Matthew Short Reflects on All-State Music Festival Experience

Matthew Short is looking forward to performing at Symphony Hall


Matthew Short represented SHS at this year’s Massachusetts All-State music festival

Taylor MacFaden, Contributing Writer

Several months ago, a group of musically gifted SHS students hopped on a bus to audition for Senior Districts. The MMEA Southeastern Senior District Festival is an opportunity for talented high school students to sing or play an instrument for a chance to be accepted into a selective music festival. If invited, students have the opportunity to perform with fellow elite musicians across the southeast of MA. Although the selection process is quite difficult, each SHS musician demonstrated the patience and dedication necessary to succeed with all achieving high musical scores. Five outstanding students scored above and beyond, qualifying to audition for the Massachusetts All-State music festival. 

Among the performers was SHS junior Matthew Short, who was seated fourth chair, trumpet 1 at All-State. Even though the auditions were held in January 2023, Short had been preparing since June of 2022. Although students are not able to choose their pieces, Short was able to practice with his trumpet teacher, Robert Hoveland. Months later, he discovered he was accepted into the state-wide event.

Upon learning the news that he had been accepted, Short said he experienced a variety of emotions: “I’m pretty sure I said something along the lines of ‘you’re lying’ to Mr. Thomas when he told me.” Short added, “Everything felt like a blur, though, since I think I was just overcome with shock, excitement, etc. It was all very surreal. It still didn’t feel very real when I walked into the conference room at the actual festival, and I’m sure it won’t at the actual concert either.”

Meeting with fellow musicians was exciting for Short, who explained that during the rehearsal, he found it fascinating to hear how everything fell into place. Comparing his experience with school bands and previous festivals, Short said, “Sometimes conductors may need to drill certain sections of a piece to make sure that it is perfect, but in this case, the conductor would ask for one change, and everyone would fix it immediately.”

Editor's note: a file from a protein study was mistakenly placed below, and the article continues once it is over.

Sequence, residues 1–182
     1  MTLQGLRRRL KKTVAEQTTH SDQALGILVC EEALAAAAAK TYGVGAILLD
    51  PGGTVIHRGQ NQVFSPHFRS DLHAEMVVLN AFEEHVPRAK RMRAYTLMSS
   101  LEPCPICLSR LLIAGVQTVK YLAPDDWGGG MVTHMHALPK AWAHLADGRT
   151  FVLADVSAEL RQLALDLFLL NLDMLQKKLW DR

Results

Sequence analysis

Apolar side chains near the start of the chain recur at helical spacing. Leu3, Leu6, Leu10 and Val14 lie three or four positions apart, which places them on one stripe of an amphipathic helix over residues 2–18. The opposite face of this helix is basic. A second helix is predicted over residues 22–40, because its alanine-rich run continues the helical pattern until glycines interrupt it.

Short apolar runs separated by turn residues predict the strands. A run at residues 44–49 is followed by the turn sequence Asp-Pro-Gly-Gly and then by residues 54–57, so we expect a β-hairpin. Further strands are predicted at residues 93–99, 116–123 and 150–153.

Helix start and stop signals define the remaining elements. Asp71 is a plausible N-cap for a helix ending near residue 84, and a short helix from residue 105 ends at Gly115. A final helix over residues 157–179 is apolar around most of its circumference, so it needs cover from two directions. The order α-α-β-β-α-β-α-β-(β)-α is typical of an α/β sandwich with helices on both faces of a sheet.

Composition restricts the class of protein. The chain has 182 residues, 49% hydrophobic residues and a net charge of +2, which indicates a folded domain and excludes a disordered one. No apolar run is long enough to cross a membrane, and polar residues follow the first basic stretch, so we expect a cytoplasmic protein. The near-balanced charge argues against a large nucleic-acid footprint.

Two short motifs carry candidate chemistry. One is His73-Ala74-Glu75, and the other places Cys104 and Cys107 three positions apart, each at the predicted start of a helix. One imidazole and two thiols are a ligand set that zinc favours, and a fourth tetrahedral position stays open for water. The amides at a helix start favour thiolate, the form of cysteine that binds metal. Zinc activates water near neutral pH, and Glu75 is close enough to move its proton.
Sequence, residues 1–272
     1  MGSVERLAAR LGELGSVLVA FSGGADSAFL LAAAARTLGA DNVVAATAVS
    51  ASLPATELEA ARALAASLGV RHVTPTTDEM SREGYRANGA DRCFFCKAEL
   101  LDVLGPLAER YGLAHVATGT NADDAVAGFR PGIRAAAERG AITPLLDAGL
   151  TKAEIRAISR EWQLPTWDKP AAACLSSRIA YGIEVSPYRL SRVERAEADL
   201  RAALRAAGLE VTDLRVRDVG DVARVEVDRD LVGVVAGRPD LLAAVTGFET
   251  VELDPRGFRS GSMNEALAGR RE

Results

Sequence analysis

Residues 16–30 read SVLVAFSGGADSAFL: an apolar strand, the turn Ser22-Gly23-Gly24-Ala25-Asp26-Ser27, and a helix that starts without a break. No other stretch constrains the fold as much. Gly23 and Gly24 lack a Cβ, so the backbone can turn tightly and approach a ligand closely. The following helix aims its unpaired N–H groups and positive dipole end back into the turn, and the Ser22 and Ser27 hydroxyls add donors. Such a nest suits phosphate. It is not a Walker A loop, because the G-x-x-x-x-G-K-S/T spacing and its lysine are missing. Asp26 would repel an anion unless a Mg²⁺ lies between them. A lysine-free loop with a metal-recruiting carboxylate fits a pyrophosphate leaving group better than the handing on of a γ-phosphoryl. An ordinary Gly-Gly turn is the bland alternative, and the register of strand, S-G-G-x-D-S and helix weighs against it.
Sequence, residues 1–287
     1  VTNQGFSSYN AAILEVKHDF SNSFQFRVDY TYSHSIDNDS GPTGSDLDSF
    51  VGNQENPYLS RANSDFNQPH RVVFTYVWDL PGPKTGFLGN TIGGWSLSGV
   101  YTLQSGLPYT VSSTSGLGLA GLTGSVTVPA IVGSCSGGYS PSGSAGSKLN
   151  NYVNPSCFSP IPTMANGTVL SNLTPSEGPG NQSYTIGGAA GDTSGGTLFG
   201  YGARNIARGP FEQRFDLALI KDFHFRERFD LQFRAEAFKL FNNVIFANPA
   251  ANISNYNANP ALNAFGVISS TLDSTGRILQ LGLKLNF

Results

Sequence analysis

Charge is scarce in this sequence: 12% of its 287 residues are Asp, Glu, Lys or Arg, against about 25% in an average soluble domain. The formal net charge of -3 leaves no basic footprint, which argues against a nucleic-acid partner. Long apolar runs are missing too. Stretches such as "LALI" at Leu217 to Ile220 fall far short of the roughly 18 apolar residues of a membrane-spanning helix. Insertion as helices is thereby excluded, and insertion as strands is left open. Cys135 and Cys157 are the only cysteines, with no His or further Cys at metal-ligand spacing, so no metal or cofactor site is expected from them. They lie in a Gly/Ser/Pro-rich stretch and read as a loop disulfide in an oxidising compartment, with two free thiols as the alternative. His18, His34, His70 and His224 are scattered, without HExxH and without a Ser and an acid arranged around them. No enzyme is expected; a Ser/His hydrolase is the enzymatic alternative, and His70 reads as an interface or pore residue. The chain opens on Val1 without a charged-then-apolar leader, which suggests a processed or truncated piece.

While first rehearsing, Short admitted to being a bit nervous about having to play extremely high notes. Taking the time to run through the sheet music, he noticed progress in his range, which was a reward in itself. At the end of practice, each ensemble shared their songs with one another. Short was very impressed with the choir and enjoyed hearing what everyone had been working on.

When asked about his musical inspirations, Short brought his instrument teacher, Robert Hoveland, into the conversation once more. Even though Hoveland primarily plays the trombone, he has always been a major influence on Short. His older brother, Ben, is a fellow trumpeter as well and has inspired Short to continue his journey. “We’ve had a lot of similar experiences in the music world, and I’ve always made it my goal to match–if not exceed–his ability,” he noted. 

Unfortunately, the actual concert was postponed; nevertheless, Short is very eager to play at Symphony Hall in Boston, calling the venue “the best in the country, if not the world!” After attending multiple performances at Symphony Hall, Short said he is ready to “actually sit on the stage facing out into the beautiful hall.”